Low back pain and sciatica Flashcards Preview

Phase II: Musculoskeletal > Low back pain and sciatica > Flashcards

Flashcards in Low back pain and sciatica Deck (43):
1

What are the red flags of back pain?

Age <20 or >55 with new onset pain
Systemic: weight loss, fever, night sweats
Immunocompromised: steroid use
History of malignancy
Recent trauma
IVDU

Thoracic pain
Non-mechanical back pain
New onset severe progressive back pain
Nocturnal pain and sleep disturbance

Widespread neuropathy: saddle anaesthesia
Abnormal gait
Incontinence, urinary retention, sexual problems

2

Which red flag symptoms are suggestive of cauda equina?

Abnormal gait
Severe or progressive bilateral leg weakness
Widespread neuropathy
Saddle anaesthesia
Reduced anal tone
Incontinence, urinary retention, sexual problems

3

Which red flag symptoms are suggestive of malignancy?

Age >55 with new onset pain
History of malignancy
Systemic: weight loss, fever, night sweats
Nocturnal pain and sleep disturbance
Progressive severe back pain: remains when supine
Localised spinal tenderness

4

Which cancers most commonly cause secondary bone cancer?

Breast
Lung
Thyroid
Kidney
Prostate
Colorectal

5

Which red flag symptoms are suggestive of spinal fracture?

Recent trauma
Sudden onset severe central spinal pain: relieved when supine
Structural deformity of spine
Point tenderness over vertebral body

6

Which red flag symptoms are suggestive of spinal infection?

Fever/rigors
Non-mechanical back pain
TB or recent UTI
Diabetes
IVDU
HIV or immunosuppression: long-term steroid use

7

Define yellow flag symptoms

Psychosocial factors shown to be indicative of long term chronicity and disability

8

List the yellow flag symptoms for back pain

Negative attitude
Fear avoidance behaviour and reduced activity
Expectation that passive treatment is beneficial
Tendency to depression, low morale, withdrawal
Social or financial problems: including compensation

9

What red flag symptoms are suggestive of cord compression?

Non-mechanical back pain
Thoracic pain
Incontinence, urinary retention, sexual dysfunction
Hx of malignancy
Widespread neurology
Progressive neurology

10

Outline the MRC power grading classification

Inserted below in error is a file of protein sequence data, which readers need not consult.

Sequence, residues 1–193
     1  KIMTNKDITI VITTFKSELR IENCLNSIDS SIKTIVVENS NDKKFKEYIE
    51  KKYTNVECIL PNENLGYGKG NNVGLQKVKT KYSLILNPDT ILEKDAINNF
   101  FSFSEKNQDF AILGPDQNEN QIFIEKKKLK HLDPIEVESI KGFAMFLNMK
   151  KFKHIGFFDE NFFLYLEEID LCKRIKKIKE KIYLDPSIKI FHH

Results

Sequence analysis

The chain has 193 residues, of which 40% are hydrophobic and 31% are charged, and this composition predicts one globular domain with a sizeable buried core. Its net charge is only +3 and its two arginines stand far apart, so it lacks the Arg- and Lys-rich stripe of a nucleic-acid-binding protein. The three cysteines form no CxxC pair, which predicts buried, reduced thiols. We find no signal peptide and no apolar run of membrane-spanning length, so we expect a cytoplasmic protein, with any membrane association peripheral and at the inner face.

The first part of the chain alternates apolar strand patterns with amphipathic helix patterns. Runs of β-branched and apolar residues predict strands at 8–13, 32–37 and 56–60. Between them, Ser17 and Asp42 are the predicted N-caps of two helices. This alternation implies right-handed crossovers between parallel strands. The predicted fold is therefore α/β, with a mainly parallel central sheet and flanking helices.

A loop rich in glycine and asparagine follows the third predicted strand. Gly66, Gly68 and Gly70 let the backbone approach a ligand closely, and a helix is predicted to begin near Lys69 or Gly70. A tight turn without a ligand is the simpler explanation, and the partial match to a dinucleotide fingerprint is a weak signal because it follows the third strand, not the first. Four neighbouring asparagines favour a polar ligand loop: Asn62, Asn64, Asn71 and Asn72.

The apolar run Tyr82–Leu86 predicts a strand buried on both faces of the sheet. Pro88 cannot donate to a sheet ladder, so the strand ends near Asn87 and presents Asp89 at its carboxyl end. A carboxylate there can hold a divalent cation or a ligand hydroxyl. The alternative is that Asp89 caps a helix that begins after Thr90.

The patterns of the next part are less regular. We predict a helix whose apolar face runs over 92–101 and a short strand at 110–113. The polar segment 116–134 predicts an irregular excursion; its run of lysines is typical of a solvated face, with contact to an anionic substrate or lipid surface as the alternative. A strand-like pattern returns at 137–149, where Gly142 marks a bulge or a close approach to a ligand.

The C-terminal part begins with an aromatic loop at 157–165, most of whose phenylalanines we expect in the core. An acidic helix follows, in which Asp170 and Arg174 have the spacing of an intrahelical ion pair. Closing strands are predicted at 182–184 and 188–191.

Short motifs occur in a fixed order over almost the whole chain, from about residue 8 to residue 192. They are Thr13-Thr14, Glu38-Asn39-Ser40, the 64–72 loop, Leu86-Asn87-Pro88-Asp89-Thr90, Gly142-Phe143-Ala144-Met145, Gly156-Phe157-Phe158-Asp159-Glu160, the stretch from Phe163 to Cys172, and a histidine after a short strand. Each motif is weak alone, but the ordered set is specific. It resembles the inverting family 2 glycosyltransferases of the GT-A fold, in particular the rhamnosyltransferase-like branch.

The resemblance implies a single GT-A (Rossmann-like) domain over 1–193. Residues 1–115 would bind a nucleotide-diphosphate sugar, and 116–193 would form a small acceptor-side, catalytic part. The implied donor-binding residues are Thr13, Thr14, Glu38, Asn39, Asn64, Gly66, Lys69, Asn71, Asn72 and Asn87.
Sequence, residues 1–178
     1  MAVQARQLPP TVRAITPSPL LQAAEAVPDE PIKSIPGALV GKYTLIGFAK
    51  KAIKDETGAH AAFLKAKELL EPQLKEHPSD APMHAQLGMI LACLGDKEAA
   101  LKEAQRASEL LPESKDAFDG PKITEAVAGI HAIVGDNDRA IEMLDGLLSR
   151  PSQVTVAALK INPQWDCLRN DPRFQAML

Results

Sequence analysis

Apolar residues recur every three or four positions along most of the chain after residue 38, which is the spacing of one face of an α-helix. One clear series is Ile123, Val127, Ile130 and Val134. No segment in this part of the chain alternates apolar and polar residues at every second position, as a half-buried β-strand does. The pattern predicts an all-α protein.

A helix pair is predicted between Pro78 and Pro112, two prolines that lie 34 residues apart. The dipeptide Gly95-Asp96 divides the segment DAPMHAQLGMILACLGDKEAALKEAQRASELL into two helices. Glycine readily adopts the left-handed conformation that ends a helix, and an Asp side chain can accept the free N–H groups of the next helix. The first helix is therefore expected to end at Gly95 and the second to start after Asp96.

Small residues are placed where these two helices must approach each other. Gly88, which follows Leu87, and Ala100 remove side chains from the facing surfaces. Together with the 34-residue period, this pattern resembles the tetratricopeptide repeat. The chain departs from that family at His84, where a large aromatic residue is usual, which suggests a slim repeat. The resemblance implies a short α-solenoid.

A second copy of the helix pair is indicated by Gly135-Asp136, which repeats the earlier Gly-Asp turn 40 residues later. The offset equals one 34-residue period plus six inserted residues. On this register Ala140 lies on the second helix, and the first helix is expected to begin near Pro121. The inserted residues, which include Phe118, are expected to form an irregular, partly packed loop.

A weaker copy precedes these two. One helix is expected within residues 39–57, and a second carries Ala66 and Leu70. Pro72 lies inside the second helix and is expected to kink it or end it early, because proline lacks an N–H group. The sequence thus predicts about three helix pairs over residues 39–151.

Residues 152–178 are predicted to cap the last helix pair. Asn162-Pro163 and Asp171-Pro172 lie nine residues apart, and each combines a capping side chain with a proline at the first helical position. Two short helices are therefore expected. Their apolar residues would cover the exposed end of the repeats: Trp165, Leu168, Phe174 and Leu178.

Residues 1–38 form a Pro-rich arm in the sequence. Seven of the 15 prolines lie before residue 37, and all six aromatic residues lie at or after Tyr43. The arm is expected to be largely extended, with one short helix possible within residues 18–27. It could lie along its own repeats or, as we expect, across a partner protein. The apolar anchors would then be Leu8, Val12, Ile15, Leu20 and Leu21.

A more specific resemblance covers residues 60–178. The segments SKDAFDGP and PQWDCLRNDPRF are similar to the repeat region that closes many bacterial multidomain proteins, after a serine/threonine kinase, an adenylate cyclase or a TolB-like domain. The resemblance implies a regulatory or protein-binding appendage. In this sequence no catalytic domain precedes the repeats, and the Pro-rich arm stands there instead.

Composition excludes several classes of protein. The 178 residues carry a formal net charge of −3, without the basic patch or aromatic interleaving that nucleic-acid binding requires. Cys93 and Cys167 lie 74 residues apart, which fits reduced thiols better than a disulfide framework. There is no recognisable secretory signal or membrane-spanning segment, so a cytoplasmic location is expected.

5: normal power
4: active movement against gravity and resistance, but less than full power
3: active movement against gravity only
2: active movement with gravity eliminated
1: flicker
0: no movement

11

List the types of specific back pain

Traumatic: fracture, dislocation
Neoplastic: metastasis, primary
Infective: infective spondylodiscitis
Inflammatory: inflammatory spondyloarthropathy
Metabolic: osteomalacia, osteoporosis, hyperparathyroidism, Paget's disease

12

What are occupational black flags?

Obstacles to recovery

13

Name 3 occupational black flags

Industrial injury/litigation
Poor work satisfaction/industrial relations
Repetitive manual work

14

Differentiate between Upper motor neurone and Lower motor neurone lesions

Upper (CNS) vs Lower (nerve roots)
Muscle bulk: normal vs wasted (fasciculations)
Tone: increased vs decreased
Power: normal vs weak
Reflex: increased + Babinski vs decreased/absent
Special reflexes (UMNL): Hoffman and Clonus
Coordination: lost vs lost

15

Define Cauda Equina Syndrome

A collection of progressive neuro-deficit symptoms due to damage to the Cauda equina, including:
-Bilateral/unilateral sciatica
-Saddle anaesthesia
-Urinary retention, faecal incontinence, sexual dysfunction

16

Describe the prognosis of Cauda Equina if untreated

Progressive neuro-deficits leads to permanent loss of sphincter control with motor paralysis and sensory loss of legs.

Prognosis is better with decompression before sphincter paralysis.

Once paralysis develops, recovery is uncertain and likely to be incomplete.

17

How is Cauda Equina Syndrome confirmed?

Emergency MRI scan to confirm diagnosis, determine level of compression and any underlying cause.

18

Name 4 causes of Cauda Equina Syndrome

Herniation of a lumbar disc* at L4/L5 and L5/S1
Tumours: metastases, lymphomas, spinal tumours
Trauma
Infection: including epidural abscess
Congenital: congenital spinal stenosis, spina bifida
Late-stage ankylosing spondylitis
Post-op haematoma
Sarcoidosis

19

How is Cauda Equina Syndrome managed?

Immobilise spine if due to trauma
Emergency surgical decompression
Lesion debunking of SOL e.g. tumour or abscess

20